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Lot 22: CHARLES WHITE (1918 - 1979) Collection of 31 early sketchbook drawings.
AFRICAN-AMERICAN FINE ARTPlatinum House
February 6, 2007
New York, NY, USA
CHARLES WHITE (1918 - 1979)
Collection of 31 early sketchbook drawings.
4 - Portrait of a Young Woman, pen and ink and wash * 6 - Crowd Scene, with watercolor wash * 7 - Bare-chested Man * 9 - Reclining Woman in Trousers * 10 - Profile of a Man, dry brush and ink * 18 - Reclining Nude * 19 - Standing Nude from Rear * 20 - Head of a Man * 21 - Profile of a Man, blue pen and ink * 22 - Cats. Titled in pencil, upper left * 23 - Dancers * 25 - Standing Nude, pen and ink over pencil * 28 - Seated Man with Long Hair at Table pen and ink over pencil with watercolor wash * 33 - Women''s High Heeled Shoes * 35 - Hand * 36 - Woman Reading with Glasses * 39 - Drawing for Block Print (Two Women with Mask) * 40 - Design for Block Print (Man with Accordion and Woman). [Gedeon also illustrates and describes a block print for which this drawing is apparently a design for Untitled (Musicians), circa 1937-38. See Gedeon Eb1] * 50 - Two Profile Studies * 55- Woman in Long Dress56 - Young Woman with Hand at Mouth * 58 - Dental Exam * 65 - Seated Nude * 70 - Standing Nude with Hand on Hip. Each approximately 251x192 mm; 9 7/8x7 1/2 inches (sheets). Each numbered in pencil, lower right.
Help! Chicago on newsprint taped to wove paper at corners, with a pencil portrait of a man on the verso * Head Study * Woman in Blue Dress, watercolor * Woman in Dress, watercolor * Standing Nude with Arms Raised to the Left. Inscribed "Justice is my being allowed to do whatever I like. Injustice is whatever prevents my doing so - Samuel Butler" in pencil, verso * Woman Seated with Glass. Each with the artist''s estate ink stamp, lower right * Portrait of a Young Woman. Signed and dated 35 in pencil, lower right. Each circa 1935-38. Each in pencil (unless specified otherwise). Each disbound from sketchbooks. Various sizes and conditions.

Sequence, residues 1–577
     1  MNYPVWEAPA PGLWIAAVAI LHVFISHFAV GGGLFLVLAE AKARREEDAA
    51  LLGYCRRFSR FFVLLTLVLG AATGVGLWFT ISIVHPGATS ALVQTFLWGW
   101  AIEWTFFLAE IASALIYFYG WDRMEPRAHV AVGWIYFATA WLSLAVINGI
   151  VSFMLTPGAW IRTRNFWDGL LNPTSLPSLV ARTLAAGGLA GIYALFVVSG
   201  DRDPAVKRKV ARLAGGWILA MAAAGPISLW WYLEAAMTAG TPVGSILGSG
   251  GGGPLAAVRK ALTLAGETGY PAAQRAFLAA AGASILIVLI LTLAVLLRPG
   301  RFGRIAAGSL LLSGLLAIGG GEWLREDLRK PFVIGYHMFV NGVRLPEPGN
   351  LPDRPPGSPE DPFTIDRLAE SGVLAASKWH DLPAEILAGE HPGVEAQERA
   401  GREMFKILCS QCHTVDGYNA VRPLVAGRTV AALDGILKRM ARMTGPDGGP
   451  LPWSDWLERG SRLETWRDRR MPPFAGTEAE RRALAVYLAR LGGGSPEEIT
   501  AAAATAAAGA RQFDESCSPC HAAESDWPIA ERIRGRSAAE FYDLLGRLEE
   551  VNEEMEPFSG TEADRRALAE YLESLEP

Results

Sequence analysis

Provenance: Ex-collection the artist; Benjamin Horowitz, Los Angeles.
As an avid draughtsman, White presumably filled numerous sketchbooks during and after his intensive period of study at the Chicago Art Institute. However, there are few surviving examples. Lucinda Gedeon cites the numbered drawings in this collection as coming from his first known notebook.
Charles White was determined to become an artist despite his family''s tight finances, and early rejections from discriminatory art schools. White won a $240 scholarship to attend the Chicago Art Institute, entering in 1937. White completed the two year course in one year, despite often walking the 60 blocks home to save money and working as a cook and valet. Upon his graduation in 1938, he soon qualified to join the easel and mural division of the Federal Art Project in Illinois. White learned quickly from the Chicago muralists Mitchell Siporin and Edward Millman until he received permission for his own WPA mural project in 1939, "Five Great American Negroes". Gedeon Sketchbook A, p. 402-403.